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Aurinia Pharmaceuticals Inc (NASDAQ:AUPH) Is A Discount Entry At Current Price

Aurinia Pharmaceuticals Inc (NASDAQ:AUPH) Is A Discount Entry At Current Price
Written by
Chris Sandburg
Published on
June 1, 2017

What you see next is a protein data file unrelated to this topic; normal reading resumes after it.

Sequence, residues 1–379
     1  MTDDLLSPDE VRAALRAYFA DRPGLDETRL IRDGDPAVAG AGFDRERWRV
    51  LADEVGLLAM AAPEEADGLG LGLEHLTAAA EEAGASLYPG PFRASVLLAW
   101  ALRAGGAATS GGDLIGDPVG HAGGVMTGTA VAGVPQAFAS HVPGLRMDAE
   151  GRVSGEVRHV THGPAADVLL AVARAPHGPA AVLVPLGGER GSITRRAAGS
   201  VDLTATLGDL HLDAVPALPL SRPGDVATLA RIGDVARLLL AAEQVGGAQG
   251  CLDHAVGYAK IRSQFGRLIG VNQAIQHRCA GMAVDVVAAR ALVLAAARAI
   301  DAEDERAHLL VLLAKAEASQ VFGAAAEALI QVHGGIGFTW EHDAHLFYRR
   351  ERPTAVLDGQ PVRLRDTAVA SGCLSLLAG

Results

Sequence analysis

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Last time we covered Aurinia Pharmaceuticals Inc (NASDAQ:AUPH) we highlighted a couple of short attack type pieces and put forward an argument as to how and why they held little water. The situation was that the company was about to kick off a phase III trial – a trial that could end up being a real game changer not just for Aurinia and its shareholders but also for the target patient population – and some analysts decided to raise some last-minute uncertainty about the primary endpoint of the study. More specifically, they made the suggestion that the FDA would require a protocol change as far as measuring the impact of the drug (and in turn, determining efficacy against the primary endpoint) and that this protocol change could be far more difficult to achieve than the previous trial setup. In the interest of balance, if there was a change implemented to the effect that said analysts were suggesting, it would be far more difficult to meet the endpoint.We argued that no such change necessary, however, and that the sell-off that came about as a result of the false insinuation was an opportunity to pick up an exposure to the company (and the upcoming trial) at a discount.As it turns out, we were right.The company ran up subsequent to our coverage and the trial has since initiated under the predefined (and pre-established) protocol, exactly as we suggested it would.Over the past couple of weeks, however, Aurinia has taken a bit of a hit. Again, we're going to put forward the argument that this is an opportunity for our readers to add to the already discounted positions they established on the back of our previous coverage. Or, for those not yet into this one, a chance to pick up an exposure.The trial that's now ongoing is a phase III investigating the company's lead development asset, a drug called Voclosporin, in a target indication of what's called LN, an inflammation of the kidney caused by Systemic Lupus Erythematosus (SLE). A large portion (we're talking 60-70%) of SLE patients will progress to LN and – right now – there aren’t that many effective treatment options on the market. There's a standard of care called CellCept and this is generally used in combination with steroids, but it's not overly effective on its own (CellCept) and the steroid combo comes with some pretty nasty side effects.Voclosporin is an attempt to remove the necessity for steroids. It's under investigation as a potential adjuvant to CellCept and – if the phase III can prove it works as pitched – it could become a first line (combination first line, that is) in this circa $4 billion market.The trial is underway, as mentioned, and we should see data at some point mid next year. There's room for an interim release later this year (in particular a safety release based on independent monitoring) and this serves to bridge the catalyst gap to topline.We'll say it one more time for clarity: the primary endpoint is a composite of certain renal function surrogates and DOES NOT necessitate a biopsy. That's really important to the company's chances of success in this study.So why is the company down at the moment?Well, mid-May, Aurinia put out its first quarter financials. Net loss came in at $51 million, and adjusted for fair value quarterly adjustment of derivative warrant liabilities (so, noncash) came in at $11.2 million. As a headline, that's not great. At this end of the market, however, and for a company with a late-stage asset targeting a market this size, it's really not an issue.Sure, cash burn is key here, and these numbers aren’t small, but there's cash on hand of $202 million at March 31, which should see the company through to at least mid next year (so, beyond trial data). This means any raise we see is likely going to come subsequent to (or perhaps just ahead of) a major catalyst and, in turn, that it should be quickly negated by the release of top line from the study.That is, of course, the primary risk – that top line will come out as indicative of inefficacy or showing a poor safety profile. That said, data to date has proved otherwise on both counts, and we maintain that this one's well worth a look ahead of the end of the Voclosporin pathway. At times like this, where price dips, this statement rings even truer.We will be updating our subscribers as soon as we know more. For the latest updates on AUPH, sign up below!Disclosure: We have no position in AUPH and have not been compensated for this article.

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